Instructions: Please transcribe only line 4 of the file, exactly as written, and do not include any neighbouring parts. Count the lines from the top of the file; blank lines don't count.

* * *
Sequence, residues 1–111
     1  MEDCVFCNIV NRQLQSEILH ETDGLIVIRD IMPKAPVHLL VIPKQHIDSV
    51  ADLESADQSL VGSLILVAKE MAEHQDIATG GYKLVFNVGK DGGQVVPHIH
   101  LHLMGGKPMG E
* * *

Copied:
   101  LHLMGGKPMG E